History: Chain of Title
There is another service that is necessary when making large (or even small) investments and that title companies provide — they generate a chain of title. The chain of title provides the entire history of ownership of a particular piece of property. And title companies then guarantee that no other party can claim ownership of the property you want to buy. This requires historical research and getting a title insurance if by chance there were errors in the records.
Blockchain, on the other hand, is all about chain of custody — it keeps a record of every transaction. Each transaction is hardcoded into every subsequent one. Blockchain naturally does what title companies do, and it does it for EVERY transaction, not just the big purchases.
Currently, as a society, we don’t utilize the chain of custody research on a wide scale because it is too expensive. So it is easy to buy a stolen bicycle, for example. That’s also true for jewelry. In fact, any small valuables that can be relatively easily snatched are sold on various online and offline marketplaces. It takes a lot of time and energy to verify if the goods for sale are NOT stolen but represent a legitimate sale.
Blockchain attached to goods sales would make it easy. Is this a legitimate bike sale or not? Check its Blockchain chain of title to be sure. Each transaction is dutifully recorded and available for review.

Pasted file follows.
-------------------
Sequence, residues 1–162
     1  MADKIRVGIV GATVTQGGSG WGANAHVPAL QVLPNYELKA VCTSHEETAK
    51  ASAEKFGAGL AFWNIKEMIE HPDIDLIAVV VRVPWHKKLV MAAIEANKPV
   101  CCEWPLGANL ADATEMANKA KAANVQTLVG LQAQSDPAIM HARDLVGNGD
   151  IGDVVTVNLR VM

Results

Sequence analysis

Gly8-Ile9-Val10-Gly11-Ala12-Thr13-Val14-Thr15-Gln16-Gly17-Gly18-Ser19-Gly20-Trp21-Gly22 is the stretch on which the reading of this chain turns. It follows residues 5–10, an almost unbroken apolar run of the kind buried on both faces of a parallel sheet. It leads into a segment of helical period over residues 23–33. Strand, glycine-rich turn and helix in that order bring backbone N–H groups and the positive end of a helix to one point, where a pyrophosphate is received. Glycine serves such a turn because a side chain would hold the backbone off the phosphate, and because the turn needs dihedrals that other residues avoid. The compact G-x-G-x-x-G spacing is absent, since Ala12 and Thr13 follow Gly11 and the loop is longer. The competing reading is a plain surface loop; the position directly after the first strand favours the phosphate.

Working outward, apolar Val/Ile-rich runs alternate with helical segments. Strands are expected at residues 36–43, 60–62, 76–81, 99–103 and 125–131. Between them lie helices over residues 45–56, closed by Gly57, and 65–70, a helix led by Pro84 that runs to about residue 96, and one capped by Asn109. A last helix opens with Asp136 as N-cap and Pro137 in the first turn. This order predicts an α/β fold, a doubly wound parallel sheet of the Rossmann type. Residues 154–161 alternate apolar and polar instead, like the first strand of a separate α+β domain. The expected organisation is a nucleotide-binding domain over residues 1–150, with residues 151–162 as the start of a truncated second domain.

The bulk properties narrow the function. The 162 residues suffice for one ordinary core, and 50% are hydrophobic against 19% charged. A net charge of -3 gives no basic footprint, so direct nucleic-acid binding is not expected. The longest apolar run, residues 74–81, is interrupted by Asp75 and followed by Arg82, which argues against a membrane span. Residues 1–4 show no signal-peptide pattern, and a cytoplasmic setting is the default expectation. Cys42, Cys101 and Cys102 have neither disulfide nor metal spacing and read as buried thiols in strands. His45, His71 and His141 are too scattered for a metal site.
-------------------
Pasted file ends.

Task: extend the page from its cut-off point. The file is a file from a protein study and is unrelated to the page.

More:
Blockchain allows the buyer to trust that they are not buying stolen goods, for example.
So far escrow and chain of custody features of Blockchain are something that have the equivalents in the world as it is now. We solved these issues of trust with institutions and laws (if you find out that the bike for sale is stolen, you can report it to the police and hopefully they would do something about it). But Blockchain can also do things that are not just difficult but practically impossible to do using the social tools we have now.
One such feature is tagging. The chain of custody feature flags bad actors but it doesn’t keep track of the money they made off their evil deeds. But Blockchain can! Blockchain can tag bad money! Let’s imagine that some evil dudes sold drugs or were paid by Putin to rig an election in US, Blockchain can identify the history of dirty money (that’s what it’s good at) and then notify the parties about to engage in a transaction that the money being for this purchase is dirty. This would have a huge implication of how business is done. Anyone or any company or institution would be able to effectively ban itself from engaging in shady deals.
And finally filtering — a combination of historical records of all transactions and tagging allows for filtering. Imagine if you can always tell if the person you are trying to do business with is engaging in money laundering? Or if the senator or congressman from your district is taking money from tobacco lobbyists or dirty coal industrialists? You can know and vote them out. For the first time, we as regular citizens could hold each other and our institutions accountable. We could use social pressure to clean and rid of our politicians who engage in unethical behavior…at least in a limited, money-focused way.
That’s the power of Blockchain — trust at multiple levels of social interactions.